The Fellowship of the Ring

J. R. R. Tolkien

Book II, Chapter 4

Summary Book II, Chapter 4


Aside from Frodo, the character whom we get to know the best during this chapter is Gandalf. The Mines of Moria test the wizard from the start and, as we see in the upcoming chapters, continue to test him until the end. In his deep thought and even frustration, he tries mightily to keep the Fellowship on the right track through Moria. Both at the gate and then at the confusing fork in the path, we see Gandalf stymied by problems that must be solved not with powerful spells but simply with riddles and a good memory. One of the most memorable and human moments in the novel is when Gandalf, wondering why he is so jumpy, realizes he simply needs a smoke. It is this mix of timeless wisdom and short-temperedness, great power and wry humor, that makes Gandalf one of the most enduring characters in The Lord of the Rings.

The first stage of the Ring’s journey from Rivendell to Mordor provides several new examples of nature at its cruelest. Like Old Man Willow, Caradhras is powerful and malevolent for no apparent reason. When the Fellowship is not dodging falling boulders and slogging through heavy snow, it must hide from spying birds and fend off fearsome wolves. Tolkien’s nature is not the sort of Darwinian world in which every animal is out for itself, but is rather a magical place in which every bird, tree, and mountain is aligned either with the side of good or with the side of evil. Again, as we see in the episode in the Old Forest earlier in the novel, -Tolkien draws a clear distinction between domesticated nature, which results in pleasant settings such as the Shire, and wild, untamed nature, which can be either good or evil, but always unpredictable and therefore dangerous.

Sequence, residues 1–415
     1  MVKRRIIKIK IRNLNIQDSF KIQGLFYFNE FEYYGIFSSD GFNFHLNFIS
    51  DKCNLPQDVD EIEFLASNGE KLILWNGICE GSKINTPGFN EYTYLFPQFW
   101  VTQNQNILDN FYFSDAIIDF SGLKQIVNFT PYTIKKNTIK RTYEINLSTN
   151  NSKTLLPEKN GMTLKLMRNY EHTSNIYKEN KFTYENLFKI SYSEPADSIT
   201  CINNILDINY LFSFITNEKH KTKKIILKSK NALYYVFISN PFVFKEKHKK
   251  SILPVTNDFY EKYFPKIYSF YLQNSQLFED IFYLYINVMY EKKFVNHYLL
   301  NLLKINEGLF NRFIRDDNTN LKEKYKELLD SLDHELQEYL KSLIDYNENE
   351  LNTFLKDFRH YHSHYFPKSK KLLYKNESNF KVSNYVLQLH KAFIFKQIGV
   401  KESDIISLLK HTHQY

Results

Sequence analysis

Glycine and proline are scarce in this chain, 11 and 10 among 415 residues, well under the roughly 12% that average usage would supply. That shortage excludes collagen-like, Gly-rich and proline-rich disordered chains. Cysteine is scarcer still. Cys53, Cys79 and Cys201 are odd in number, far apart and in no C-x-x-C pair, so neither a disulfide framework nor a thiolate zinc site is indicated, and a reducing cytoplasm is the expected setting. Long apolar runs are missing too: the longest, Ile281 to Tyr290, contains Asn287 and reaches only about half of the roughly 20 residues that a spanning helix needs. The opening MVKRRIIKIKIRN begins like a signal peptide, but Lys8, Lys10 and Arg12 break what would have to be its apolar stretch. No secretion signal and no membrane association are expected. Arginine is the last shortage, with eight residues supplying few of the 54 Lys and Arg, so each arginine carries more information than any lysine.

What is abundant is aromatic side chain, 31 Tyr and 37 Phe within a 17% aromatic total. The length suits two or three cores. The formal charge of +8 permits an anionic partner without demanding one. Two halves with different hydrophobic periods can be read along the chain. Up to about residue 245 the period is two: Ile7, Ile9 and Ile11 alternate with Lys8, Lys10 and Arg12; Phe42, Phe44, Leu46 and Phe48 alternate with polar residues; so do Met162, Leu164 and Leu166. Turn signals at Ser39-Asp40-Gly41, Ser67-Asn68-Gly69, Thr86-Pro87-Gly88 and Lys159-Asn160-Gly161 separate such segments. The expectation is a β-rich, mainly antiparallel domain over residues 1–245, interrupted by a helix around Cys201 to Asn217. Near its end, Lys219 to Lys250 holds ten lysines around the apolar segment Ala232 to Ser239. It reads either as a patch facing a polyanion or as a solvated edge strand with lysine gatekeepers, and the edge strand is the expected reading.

Tolkien also uses this section to better acquaint us with the Dwarves, about whom we have heard little in the novel before this point. The history of the Dwarves is long and dramatic, and as a race they are not only the traditional rivals of the Elves, but their opposites in many ways. The Elves are tall, slender, and fair; the Dwarves short, stout, and dark. The Elves make their home in the light, among the trees; the Dwarves live largely in the dark, mining deep within the earth. Perhaps most important, the Elves live in harmony with the natural world, whereas the Dwarves mine the earth for its riches. It is this mining that has perhaps led to the Dwarves’ doom, at least that of the Dwarves of Moria. Their skill at building and forging is great, but we learn that they also have been greedy, and their greed has had high costs for them. Not only have the Dwarves been driven from Moria in the first place, but furthermore, the Dwarf-king Balin, who insisted on returning to reclaim the Dwarves’ glorious realm of old, has met with an untimely end. This history of the Dwarves, especially their great desire for mithril, which leads them to dig too deep and wake something evil in the earth, is a manifestation of one of Tolkien’s central concerns in the novel: desires that are not in themselves evil can nonetheless lead to evil ends.